Had PRK 1 Week Ago, Right Eye Has Been in Pain and Right Now I'm 20/40, is That Normal?

I did PRK about a week ago, the day of prk i felt good cuz i was able to see more but i didn't have any pain after 2 hours later only on my right eye. It felt as if something was stinging me. On my left eye i had no pain, only sensitive to the light just as the right one as well. On monday i went to see my doctor and she said i was putting all my drops good how i am supposed too. right now im about 20/40 (left/right) is that normala? will my right eye get much better?..

Doctor Answers 9

Post PRK Eye Surgery

20/40 is pretty normal a week after surgery depending on your prescription. Having more pain in one eye than in the other is also very common. If your surgeon has examined you and you are doing well, most likely your vision will continue to improve in both eyes.

San Diego Ophthalmologist
5.0 out of 5 stars 2 reviews

Usual course of recovery

I usually explain to my patients who get PRK that their vision will seem good right after surgery and then get worse before it gets better. This is due to the normal healing sequence. It takes time for inflammation to develop in the eye and cause mild blur after the surgery. Then, when the inflammation subsides and the cornea heals, the vision will improve. It can be scary if it is unexpected but it is the typical course. 

Ilan Cohen, MD
New York Ophthalmologist

Had PRK 1 Week Ago

The vision commonly can fluctuate for up to about a month following PRK and this is very common among patients having had PRK. 

Farzad Yaghouti, MD
San Diego Ophthalmologist
4.8 out of 5 stars 4 reviews

Visual recovery after Prk

Visual recovery after PRK can take as long as 3 months, although vision usually improves within 2-4 weeks. LASIK patients recover much more quickly, often within days. At the 3 months time point, LASIK and PRK patients generally both obtain excellent vision.

Christopher Coad, MD
New York Ophthalmologist
5.0 out of 5 stars 1 review

Vision after PRK

It is completely normal for your vision to be 20/40 one weak after a PRK procedure. It takes longer than for Lasik to get complete recovery and ideal vision. Even minor irregularities in your tear film can lead to a decrease in best corrected vision. It is also possible to experience some minor haze and dryness that will lead to some visual problems. It sounds like your surgery went well and your vision should stabilize within a few weaks. Your doctor may prescribe a longer course of drops, including steroids to help speed up your recovery. Overall, PRK is a safe surgery and if properly performed should lead to a great result.

Natalie Borodoker, MD
New York Ophthalmologist
3.5 out of 5 stars 3 reviews

Vision after PRK

It takes substantially longer for vision to stabilize after PRK than with LASIK.  I tell all of my PRK patients to have no great visual expectations for at least two weeks after surgery.  20/40 vision after a week is common and normal.

Mark Golden, MD
Chicago Ophthalmologist
5.0 out of 5 stars 3 reviews

Vision after PRK

The results of PRK do depend upon one's healing.  Following healing the front surface of the eye, the corneal epithelium, it does take time to settle down for one's vision to be at the optimal level. This may take from one week to six months, depending upon an individual's healing. Your vision is within the normal range at this point.  Please call your eye doctor with any concerns you might have and go in for an extra visit.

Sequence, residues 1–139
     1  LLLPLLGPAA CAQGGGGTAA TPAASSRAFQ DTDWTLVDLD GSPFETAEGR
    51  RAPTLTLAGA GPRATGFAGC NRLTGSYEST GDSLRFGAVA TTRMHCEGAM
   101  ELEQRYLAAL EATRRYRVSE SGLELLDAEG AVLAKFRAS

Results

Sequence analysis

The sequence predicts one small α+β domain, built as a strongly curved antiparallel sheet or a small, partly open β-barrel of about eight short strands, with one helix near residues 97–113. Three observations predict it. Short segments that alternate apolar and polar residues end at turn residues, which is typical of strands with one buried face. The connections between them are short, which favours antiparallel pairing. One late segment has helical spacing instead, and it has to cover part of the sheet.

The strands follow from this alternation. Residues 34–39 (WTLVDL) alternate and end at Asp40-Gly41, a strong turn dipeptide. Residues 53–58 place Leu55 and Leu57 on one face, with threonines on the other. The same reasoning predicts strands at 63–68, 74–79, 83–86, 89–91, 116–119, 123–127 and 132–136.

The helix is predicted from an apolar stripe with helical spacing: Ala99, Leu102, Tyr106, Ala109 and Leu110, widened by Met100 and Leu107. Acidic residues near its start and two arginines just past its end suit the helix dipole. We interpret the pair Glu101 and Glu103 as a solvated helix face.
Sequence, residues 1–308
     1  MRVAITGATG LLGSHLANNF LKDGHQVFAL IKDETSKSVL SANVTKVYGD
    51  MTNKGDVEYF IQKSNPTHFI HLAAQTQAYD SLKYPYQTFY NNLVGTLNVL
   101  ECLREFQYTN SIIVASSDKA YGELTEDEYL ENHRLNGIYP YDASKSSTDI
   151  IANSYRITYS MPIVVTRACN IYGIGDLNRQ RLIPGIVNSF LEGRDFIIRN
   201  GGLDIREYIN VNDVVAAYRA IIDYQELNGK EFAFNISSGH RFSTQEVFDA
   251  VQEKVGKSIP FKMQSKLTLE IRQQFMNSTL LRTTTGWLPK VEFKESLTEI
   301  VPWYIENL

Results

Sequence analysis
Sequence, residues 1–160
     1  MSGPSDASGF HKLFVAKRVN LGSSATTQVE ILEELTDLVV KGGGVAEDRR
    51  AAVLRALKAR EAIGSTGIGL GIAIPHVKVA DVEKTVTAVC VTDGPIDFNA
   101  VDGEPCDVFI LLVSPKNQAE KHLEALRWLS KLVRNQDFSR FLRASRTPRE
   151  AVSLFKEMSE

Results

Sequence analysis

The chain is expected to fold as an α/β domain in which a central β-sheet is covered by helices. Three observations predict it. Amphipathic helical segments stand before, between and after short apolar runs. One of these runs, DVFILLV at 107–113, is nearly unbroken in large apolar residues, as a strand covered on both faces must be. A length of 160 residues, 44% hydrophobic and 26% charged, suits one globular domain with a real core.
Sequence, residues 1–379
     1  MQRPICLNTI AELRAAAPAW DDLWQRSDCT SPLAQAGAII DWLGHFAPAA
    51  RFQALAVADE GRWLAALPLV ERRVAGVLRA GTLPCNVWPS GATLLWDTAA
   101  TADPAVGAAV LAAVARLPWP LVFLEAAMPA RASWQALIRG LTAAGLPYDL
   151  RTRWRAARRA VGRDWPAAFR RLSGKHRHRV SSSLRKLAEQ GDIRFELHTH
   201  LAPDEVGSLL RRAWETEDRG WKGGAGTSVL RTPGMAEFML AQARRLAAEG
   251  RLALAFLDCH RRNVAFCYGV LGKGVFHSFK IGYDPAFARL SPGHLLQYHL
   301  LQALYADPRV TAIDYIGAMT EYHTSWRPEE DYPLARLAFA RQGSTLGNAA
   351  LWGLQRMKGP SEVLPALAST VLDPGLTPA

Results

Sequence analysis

Sandy Feldman, MD
San Diego Ophthalmologist
4.5 out of 5 stars 2 reviews

Visual Results with PRK

PRK is a two step procedure. The first step is, after thoroughly numbing the eye, to gently remove the outer layer of the cornea....it is called the epithelium. The excimer laser pattern is then applied to the cornea and the procedure is complete. It takes somewhere between 3-7 days for the corneal epithelium to completely grow back and, typically, the surgeon leaves a bandage contact lens in your eye while this healing is occurring. Some corneal irritation is not uncommon in the first few days, as the surface heals back. While this is a short term nuisance and worry, it should not affect the long term result. In our 15 year review of Lasik and PRK results we have found the visual results to be equal and excellent. It is just the first week after PRK that some extra healing and inconvenience can arise.

Anthony J. Kameen, MD
Baltimore Ophthalmologist
5.0 out of 5 stars 1 review

Delayed healing after PRK vs LASEK

this is a normal result after PRK, as recovery is slow and painful after PRK, it can also scar

this is why i switched to LASEK, which is a form of Advanced Surface Ablation (PRK is the not-advanced type of surface ablation--we use the term surface ablation to indicate we are lasering the surface, not inside the cornea as in the cutting LASIK or IntraLase techniques)

LASEK is painless and has fast recovery, unlike PRK. the chance of scarring is also lower

ASA involves removing the epithelium of your eye in one clean sheet, so it's not scraped off in little pieces (as in PRK). this removal is much less traumatic, so doesn't incite what is known as the inflammatory cascade, which is the cause of the delayed healing, pain, and possible scarring after PRK

so if your eye doctor says "you need a PRK" because you have a high Rx or thin cornea and can't get LASIK, what he really means is "you need a Surface Ablation" to save tissue (by not cutting the flap), and then your choices are either getting the older PRK, or the more Advanced Surface Ablation, which is either LASEK or epiLASEK

Emil William Chynn, MD, FACS, MBA
New York Ophthalmologist
4.6 out of 5 stars 20 reviews

These answers are for educational purposes and should not be relied upon as a substitute for medical advice you may receive from your physician. If you have a medical emergency, please call 911. These answers do not constitute or initiate a patient/doctor relationship.